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Keyword: phytoplankton

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  • Carbon and Carbonate (Ocean acidification )

    01/30/2016 8:51:19 PM PST · by Ernest_at_the_Beach · 17 replies ^ | January 30, 2016 | Willis Eschenbach
    Guest Post by Willis EschenbachI’ve spent a good chunk of my life around, on, and under the ocean. I worked seasonally for many years as a commercial fisherman off of the western coast of the US. I’ve frozen off my begonias setting nets in driving sleet up in the Bering Sea. I’m also a blue-water sailor with a Pacific crossing under my belt, and a surfer, and both a sport and a commercial diver.Plus I’m eternally curious, so I have read about and studied the ocean all my life.Based on both my experience and my knowledge, I have written...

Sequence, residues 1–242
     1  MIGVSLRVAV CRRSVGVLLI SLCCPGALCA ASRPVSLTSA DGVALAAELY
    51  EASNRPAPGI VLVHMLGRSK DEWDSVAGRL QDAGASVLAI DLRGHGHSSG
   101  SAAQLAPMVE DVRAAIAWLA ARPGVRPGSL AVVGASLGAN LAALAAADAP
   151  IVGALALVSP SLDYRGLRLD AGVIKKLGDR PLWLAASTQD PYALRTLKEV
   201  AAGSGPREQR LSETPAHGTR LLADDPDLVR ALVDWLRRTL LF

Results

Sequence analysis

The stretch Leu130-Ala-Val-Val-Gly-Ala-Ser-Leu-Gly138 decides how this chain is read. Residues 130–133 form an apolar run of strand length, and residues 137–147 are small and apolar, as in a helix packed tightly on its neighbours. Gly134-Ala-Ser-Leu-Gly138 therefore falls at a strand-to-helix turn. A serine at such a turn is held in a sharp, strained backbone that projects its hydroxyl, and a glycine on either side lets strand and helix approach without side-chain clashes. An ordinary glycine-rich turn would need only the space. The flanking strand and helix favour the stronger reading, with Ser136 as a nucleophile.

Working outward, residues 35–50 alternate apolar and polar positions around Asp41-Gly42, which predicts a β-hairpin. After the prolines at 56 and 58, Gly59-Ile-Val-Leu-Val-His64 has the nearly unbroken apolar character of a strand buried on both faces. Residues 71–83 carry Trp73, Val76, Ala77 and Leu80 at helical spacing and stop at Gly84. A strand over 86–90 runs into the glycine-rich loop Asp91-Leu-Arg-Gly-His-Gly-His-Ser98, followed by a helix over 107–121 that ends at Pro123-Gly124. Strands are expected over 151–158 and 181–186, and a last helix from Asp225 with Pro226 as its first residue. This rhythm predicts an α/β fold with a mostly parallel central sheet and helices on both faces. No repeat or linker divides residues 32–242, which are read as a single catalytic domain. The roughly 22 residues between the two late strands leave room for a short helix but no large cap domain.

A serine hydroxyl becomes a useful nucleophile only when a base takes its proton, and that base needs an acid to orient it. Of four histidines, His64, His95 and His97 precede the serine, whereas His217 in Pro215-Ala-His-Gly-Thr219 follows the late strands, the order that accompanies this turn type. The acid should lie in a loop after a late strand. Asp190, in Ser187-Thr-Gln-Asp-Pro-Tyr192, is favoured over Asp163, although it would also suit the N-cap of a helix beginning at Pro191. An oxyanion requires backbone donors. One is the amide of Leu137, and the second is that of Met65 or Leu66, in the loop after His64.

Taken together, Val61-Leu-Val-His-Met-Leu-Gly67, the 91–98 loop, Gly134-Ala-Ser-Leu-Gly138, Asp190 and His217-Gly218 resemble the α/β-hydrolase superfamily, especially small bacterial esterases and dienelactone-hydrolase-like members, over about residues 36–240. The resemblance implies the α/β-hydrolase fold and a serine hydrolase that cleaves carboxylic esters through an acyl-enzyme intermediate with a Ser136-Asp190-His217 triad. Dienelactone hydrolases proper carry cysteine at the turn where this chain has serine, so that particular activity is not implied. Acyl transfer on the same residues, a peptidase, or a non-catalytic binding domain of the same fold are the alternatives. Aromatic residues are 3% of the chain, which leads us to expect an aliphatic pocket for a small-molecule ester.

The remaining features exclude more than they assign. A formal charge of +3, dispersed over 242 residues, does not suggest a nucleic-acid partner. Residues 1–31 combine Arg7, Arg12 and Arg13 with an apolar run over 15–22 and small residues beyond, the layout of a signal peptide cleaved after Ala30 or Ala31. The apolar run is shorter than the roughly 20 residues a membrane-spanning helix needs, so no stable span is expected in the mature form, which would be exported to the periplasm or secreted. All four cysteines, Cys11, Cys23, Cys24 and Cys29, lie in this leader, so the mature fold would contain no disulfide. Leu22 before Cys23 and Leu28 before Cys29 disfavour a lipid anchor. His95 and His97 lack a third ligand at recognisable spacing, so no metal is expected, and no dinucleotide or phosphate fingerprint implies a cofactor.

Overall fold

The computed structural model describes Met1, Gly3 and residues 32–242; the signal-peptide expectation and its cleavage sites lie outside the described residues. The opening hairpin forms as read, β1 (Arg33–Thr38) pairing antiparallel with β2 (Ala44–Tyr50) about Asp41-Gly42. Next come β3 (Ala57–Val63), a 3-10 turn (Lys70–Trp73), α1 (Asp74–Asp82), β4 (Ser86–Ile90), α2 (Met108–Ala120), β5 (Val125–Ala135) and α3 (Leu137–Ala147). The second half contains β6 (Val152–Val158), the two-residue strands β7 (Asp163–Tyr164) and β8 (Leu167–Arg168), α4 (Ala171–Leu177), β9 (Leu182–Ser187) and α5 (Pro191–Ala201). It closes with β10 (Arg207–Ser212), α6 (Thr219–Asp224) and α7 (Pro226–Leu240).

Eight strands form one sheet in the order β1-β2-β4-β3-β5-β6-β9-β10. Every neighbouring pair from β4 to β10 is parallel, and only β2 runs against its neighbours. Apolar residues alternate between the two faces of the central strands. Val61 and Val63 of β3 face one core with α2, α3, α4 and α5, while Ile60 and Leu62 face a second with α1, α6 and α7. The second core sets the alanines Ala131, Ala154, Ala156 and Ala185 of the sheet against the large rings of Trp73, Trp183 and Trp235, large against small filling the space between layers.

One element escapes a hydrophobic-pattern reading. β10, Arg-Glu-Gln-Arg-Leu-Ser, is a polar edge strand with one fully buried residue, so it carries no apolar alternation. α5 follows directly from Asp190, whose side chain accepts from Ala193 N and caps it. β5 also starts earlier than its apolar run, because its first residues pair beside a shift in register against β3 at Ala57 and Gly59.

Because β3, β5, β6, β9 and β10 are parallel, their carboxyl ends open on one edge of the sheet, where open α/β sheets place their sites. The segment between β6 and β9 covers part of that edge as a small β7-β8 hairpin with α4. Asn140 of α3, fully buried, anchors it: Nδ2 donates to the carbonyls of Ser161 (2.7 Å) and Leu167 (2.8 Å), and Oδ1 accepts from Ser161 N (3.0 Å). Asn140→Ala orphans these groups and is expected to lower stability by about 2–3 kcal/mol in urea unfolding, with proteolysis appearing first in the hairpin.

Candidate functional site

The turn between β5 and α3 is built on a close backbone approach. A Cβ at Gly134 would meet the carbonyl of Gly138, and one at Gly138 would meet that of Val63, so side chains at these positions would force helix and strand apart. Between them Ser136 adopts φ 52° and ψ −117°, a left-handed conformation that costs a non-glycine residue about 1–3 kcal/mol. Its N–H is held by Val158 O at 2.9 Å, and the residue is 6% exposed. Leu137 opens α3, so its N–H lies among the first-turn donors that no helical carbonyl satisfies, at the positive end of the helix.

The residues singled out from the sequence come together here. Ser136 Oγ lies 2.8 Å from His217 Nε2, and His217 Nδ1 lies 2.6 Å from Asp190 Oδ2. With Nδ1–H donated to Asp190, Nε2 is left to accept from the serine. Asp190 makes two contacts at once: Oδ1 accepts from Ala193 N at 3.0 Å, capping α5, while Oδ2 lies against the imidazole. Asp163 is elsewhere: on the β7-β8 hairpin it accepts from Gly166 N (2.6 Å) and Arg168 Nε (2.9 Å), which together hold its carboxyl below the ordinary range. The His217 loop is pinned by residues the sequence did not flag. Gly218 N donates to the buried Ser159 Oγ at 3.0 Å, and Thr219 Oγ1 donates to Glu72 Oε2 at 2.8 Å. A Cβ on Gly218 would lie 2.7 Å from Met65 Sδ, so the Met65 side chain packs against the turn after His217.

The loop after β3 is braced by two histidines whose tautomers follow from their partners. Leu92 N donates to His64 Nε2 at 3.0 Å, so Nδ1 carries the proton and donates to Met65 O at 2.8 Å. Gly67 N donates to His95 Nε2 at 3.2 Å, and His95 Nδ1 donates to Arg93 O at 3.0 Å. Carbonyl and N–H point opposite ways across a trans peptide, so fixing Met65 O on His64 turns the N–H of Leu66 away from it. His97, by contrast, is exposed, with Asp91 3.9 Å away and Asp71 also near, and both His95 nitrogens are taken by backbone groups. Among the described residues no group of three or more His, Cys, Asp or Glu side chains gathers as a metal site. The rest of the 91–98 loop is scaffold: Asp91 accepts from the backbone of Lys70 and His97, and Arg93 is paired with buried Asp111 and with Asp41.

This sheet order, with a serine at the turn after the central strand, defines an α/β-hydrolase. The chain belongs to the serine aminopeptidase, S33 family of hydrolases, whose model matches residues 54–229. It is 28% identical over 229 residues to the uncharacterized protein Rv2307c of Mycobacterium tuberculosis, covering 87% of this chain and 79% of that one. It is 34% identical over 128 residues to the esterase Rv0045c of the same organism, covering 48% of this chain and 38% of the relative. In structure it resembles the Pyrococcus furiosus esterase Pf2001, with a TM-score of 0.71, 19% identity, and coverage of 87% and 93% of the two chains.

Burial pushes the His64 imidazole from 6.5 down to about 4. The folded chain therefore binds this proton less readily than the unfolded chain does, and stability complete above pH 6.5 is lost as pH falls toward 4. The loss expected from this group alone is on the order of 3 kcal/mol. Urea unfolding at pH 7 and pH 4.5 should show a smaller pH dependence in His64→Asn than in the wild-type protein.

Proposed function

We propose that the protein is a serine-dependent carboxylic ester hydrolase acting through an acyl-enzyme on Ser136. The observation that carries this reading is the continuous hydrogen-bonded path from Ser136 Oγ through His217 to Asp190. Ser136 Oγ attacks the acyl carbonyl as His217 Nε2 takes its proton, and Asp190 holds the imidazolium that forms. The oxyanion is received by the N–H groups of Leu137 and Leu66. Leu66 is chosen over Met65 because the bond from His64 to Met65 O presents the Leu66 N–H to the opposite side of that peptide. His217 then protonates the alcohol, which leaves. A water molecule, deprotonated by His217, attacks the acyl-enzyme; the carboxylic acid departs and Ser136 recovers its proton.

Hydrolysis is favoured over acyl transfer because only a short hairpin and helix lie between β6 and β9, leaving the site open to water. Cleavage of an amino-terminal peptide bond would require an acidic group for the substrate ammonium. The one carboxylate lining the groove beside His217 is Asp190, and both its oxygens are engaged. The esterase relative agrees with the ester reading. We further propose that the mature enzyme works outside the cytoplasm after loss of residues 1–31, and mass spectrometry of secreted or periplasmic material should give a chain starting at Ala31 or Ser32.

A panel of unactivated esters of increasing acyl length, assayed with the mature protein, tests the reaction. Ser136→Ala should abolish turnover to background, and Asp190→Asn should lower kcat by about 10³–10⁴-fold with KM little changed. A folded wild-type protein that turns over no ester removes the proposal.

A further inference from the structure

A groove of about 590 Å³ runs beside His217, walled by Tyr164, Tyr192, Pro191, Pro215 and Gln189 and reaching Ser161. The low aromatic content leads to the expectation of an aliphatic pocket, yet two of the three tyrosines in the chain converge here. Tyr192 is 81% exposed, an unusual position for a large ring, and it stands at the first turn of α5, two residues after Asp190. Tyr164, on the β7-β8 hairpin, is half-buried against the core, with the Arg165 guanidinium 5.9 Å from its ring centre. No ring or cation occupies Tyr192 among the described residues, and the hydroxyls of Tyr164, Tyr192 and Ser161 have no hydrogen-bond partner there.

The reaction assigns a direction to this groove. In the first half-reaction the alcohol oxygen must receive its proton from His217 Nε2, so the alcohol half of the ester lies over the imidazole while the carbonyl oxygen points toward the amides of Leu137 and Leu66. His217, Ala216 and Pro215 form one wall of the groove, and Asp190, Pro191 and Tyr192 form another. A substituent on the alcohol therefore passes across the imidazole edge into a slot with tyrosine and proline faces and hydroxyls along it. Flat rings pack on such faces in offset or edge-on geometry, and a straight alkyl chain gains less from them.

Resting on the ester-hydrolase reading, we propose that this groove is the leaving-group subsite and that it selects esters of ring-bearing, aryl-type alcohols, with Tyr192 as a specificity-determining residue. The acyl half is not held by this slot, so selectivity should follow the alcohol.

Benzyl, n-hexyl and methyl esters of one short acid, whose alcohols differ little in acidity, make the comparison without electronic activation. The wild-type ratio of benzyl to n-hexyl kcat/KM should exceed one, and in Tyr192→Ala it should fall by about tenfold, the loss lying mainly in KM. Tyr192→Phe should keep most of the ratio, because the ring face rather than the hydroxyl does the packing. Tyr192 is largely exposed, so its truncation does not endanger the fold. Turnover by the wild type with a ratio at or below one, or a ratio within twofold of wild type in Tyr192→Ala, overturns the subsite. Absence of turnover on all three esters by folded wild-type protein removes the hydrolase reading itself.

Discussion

• Unexplored Possible Climate Balancing Mechanism ( Effect of CO2 levels on phytoplankton. )

    07/10/2012 10:01:10 AM PDT · by Ernest_at_the_Beach · 21 replies
    watts Up With That? ^ | July 10, 2012 | Story submitted by Don Healy
    ← John Nielsen-Gammon: Skeptics Are Not Deniers Unexplored Possible Climate Balancing Mechanism Posted on July 10, 2012 by Anthony Watts This visible image of a 93 mile wide deep-ocean plankton eddy was taken by the Moderate Resolution Imaging Spectroradiometer (MODIS) on NASA’s Terra satellite ~ 800 km south of South Africa in the Agulhas current. Image: NASA’s Earth Observatory Effect of CO2 levels on phytoplankton.Story submitted by Don Healy This article opens up a whole new vista into the relationship between CO2 levels, oceanic plant growth and the complex relationships that we have yet to learn about in the...
  • Destruction of Giant Algae Doughnut Threatens Lake Michigan (Quagga mussels eating phytoplankton)

    09/08/2010 11:17:11 AM PDT · by NormsRevenge · 33 replies ^ | 9/8/10 | Andrea Leontiou